I still remember clearly how the Israelis invaded our town in June 1967. We were expecting them from the West, but they attacked from the East. Since I wanted to study, after that I went to Jordan. Of course, that was important for my later development. If I had remained in Palestine, I would see the death and the problems every day. I would have to witness how Palestinian land is confiscated. I would even have to put up with having to speak with the enemy at road blocks. I would have to put up with the daily humiliations of the occupying power, but also to observe how Israelis are killed by suicide bombers.
How do you see the future of this region in which news of wars, dictators and poverty predominates?
The future here looks very bleak.
Can you explain what you mean by that?
By bleak I mean something like "dark." I've advised my thirty year old son, who lives in Jordan, that he should leave the region. Just this morning I spoke with him about it. He has a son and we spoke about his son's education. I'd like my grandson to go to a trilingual private school. The public schools are bad. He should learn English, German, and French -- Spanish would also be important. But the private schools are very expensive. That's why I told my son to emigrate to the West for the sake of my grandson.
You sound bitter.
Yes, I am.
At whom are you angry?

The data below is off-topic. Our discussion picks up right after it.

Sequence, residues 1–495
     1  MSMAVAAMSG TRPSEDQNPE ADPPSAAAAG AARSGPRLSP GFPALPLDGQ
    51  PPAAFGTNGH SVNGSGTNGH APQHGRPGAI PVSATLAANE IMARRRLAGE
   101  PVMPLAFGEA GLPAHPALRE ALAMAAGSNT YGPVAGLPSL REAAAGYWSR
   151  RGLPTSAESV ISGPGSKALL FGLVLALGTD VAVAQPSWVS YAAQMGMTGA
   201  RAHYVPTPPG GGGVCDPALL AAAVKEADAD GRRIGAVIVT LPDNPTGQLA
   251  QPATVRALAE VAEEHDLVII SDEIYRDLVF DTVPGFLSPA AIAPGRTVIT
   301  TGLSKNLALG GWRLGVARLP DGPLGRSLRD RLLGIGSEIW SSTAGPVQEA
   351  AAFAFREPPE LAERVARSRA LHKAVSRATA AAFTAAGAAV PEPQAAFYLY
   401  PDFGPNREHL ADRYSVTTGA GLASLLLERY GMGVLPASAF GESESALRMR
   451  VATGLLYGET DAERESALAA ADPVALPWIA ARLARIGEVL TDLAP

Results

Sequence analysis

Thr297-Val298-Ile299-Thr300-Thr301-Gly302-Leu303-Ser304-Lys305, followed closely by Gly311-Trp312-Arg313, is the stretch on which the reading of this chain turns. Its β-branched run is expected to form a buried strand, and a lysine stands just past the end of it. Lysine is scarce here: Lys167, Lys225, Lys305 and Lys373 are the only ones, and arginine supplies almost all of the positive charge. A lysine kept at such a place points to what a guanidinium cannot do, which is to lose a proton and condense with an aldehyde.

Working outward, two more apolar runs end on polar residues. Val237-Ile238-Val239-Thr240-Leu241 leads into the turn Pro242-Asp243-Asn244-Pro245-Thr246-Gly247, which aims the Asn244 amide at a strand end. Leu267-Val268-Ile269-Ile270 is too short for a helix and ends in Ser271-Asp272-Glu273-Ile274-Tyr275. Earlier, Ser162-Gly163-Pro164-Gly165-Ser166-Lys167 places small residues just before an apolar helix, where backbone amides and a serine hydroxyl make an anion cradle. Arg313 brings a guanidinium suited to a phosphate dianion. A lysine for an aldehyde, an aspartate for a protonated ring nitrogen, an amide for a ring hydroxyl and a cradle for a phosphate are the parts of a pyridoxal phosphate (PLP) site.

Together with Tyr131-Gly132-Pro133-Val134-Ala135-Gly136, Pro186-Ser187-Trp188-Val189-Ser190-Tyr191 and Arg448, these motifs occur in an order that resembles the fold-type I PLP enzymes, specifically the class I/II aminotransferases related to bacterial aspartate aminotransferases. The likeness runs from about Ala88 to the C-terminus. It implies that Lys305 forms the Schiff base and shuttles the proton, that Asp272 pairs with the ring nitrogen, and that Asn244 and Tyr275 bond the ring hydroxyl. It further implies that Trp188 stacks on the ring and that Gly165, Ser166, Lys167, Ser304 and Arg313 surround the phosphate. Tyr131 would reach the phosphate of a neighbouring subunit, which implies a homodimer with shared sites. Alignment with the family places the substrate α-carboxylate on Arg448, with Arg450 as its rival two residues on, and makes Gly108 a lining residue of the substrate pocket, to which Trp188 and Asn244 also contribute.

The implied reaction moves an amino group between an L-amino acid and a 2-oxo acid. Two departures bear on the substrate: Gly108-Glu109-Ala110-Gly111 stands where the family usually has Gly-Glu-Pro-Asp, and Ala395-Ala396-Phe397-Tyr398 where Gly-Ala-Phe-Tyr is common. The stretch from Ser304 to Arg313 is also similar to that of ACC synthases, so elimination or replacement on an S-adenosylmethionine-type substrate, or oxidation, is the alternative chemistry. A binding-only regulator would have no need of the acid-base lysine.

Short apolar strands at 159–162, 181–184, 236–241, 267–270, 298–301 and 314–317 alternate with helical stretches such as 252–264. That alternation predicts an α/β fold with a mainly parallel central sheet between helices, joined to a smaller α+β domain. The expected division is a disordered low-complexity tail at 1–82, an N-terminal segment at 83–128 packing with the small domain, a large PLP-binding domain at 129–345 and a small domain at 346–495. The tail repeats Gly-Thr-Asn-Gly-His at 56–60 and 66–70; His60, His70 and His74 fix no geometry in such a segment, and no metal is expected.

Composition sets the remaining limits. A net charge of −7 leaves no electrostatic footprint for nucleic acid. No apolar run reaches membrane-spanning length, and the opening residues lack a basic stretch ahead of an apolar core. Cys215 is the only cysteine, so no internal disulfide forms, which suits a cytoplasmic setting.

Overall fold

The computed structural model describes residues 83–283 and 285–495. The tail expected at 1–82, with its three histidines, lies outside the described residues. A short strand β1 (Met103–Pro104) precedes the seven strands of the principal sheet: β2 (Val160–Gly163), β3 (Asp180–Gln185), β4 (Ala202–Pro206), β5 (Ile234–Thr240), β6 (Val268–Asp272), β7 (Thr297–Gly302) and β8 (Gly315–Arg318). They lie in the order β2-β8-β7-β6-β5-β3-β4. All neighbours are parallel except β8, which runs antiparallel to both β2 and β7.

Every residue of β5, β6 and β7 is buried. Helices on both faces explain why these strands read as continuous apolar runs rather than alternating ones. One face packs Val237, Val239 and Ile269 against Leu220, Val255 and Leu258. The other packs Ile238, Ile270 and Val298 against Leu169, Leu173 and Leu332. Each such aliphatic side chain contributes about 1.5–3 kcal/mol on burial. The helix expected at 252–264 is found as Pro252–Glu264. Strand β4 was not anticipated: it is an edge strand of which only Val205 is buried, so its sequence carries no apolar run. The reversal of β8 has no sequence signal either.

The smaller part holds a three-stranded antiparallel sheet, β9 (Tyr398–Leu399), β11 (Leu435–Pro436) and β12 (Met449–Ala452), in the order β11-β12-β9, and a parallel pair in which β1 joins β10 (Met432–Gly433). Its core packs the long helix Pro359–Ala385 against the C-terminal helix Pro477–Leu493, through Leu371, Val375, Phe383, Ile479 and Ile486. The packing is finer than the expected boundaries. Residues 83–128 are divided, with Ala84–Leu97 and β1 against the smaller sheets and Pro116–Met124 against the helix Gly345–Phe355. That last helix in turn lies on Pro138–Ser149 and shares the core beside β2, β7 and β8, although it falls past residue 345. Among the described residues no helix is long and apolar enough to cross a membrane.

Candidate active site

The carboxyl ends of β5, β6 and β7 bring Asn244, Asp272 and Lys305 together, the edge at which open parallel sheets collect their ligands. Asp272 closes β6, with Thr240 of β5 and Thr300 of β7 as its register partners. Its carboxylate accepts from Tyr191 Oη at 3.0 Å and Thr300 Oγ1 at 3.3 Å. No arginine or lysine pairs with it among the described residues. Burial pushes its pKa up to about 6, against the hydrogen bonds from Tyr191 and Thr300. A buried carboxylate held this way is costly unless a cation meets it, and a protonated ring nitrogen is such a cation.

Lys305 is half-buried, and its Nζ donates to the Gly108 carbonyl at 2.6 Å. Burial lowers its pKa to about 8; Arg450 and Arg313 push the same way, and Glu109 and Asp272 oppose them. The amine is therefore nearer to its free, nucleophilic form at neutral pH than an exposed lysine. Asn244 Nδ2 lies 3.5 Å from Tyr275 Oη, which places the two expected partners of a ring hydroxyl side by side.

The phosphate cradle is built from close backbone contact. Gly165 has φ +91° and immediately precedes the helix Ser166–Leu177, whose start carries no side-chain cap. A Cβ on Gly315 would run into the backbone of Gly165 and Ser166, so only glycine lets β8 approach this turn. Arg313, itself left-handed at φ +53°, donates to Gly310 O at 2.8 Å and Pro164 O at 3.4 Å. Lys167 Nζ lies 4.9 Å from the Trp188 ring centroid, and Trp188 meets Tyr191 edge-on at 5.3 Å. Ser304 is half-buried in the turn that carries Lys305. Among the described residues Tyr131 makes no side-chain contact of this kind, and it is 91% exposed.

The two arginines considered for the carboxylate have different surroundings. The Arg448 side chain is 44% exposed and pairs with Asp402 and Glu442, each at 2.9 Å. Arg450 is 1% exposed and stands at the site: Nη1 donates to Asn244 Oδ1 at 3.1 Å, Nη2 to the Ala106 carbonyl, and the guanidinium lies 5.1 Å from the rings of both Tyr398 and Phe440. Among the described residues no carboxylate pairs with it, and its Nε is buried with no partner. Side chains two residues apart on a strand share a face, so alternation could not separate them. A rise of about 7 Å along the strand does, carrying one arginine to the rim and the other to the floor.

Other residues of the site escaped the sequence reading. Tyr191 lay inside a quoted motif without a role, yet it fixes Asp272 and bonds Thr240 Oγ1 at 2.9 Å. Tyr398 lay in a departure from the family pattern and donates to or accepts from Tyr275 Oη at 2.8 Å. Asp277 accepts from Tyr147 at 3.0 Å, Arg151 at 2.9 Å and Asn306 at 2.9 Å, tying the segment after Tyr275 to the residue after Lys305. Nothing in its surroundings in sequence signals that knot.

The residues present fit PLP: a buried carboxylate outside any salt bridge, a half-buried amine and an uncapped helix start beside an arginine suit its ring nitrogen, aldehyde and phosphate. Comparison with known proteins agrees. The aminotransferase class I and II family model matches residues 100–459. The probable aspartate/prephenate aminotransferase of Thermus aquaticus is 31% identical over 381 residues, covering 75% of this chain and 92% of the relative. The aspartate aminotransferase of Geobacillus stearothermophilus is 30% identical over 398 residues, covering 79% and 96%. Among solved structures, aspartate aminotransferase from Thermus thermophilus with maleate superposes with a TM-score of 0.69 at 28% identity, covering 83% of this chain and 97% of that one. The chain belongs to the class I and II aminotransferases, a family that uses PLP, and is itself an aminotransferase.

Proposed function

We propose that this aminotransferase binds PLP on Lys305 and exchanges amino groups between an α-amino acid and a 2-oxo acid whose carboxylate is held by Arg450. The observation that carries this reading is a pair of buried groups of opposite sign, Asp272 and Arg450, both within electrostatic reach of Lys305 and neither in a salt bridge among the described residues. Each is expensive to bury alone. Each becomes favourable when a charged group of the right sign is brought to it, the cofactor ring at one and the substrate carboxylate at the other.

It's not only the lack of democracy in the region that makes me worried. I don't understand why we don't develop as quickly and dynamically as the rest of the world. We have to face the challenge and say: enough is enough! When a President can stay in power for 25 years, like in Egypt, and he is not in a position to implement reforms, we have a problem. Either the man has to change or he has to be replaced. But the society is not dynamic enough to bring about such a change in a peaceful and constructive fashion.
In many Arab states, the middle class is disappearing. The rich get richer and the poor get still poorer. Look at the schools in Jordan, Egypt or Morocco: You have up to 70 youngsters crammed together in a single classroom. How can a teacher do his job in such circumstances? The public hospitals are also in a hopeless condition. These are just examples. They show how hopeless the situation is for us in the Middle East.
Who is responsible for the situation?
The Israeli-Palestinian conflict is one of the most important reasons why these crises and problems continue to simmer. The day when Israel was founded created the basis for our problems. The West should finally come to understand this. Everything would be much calmer if the Palestinians were given their rights.
Do you mean to say that if Israel did not exist, there would suddenly be democracy in Egypt, that the schools in Morocco would be better, that the public clinics in Jordan would function better?
I think so.
Can you please explain to me what the Israeli-Palestinian conflict has to do with these problems?
The Palestinian cause is central for Arab thinking.
In the end, is it a matter of feelings of self-esteem?
Exactly. It's because we always lose to Israel. It gnaws at the people in the Middle East that such a small country as Israel, with only about 7 million inhabitants, can defeat the Arab nation with its 350 million. That hurts our collective ego. The Palestinian problem is in the genes of every Arab. The West's problem is that it does not understand this.
Pierre Heumann is the Middle East correspondent of the Swiss weekly Die Weltwoche. His interview with Ahmed Sheikh originally appeared in German in Die Weltwoche on Nov. 23, issue 47/06. The English translation is by John Rosenthal.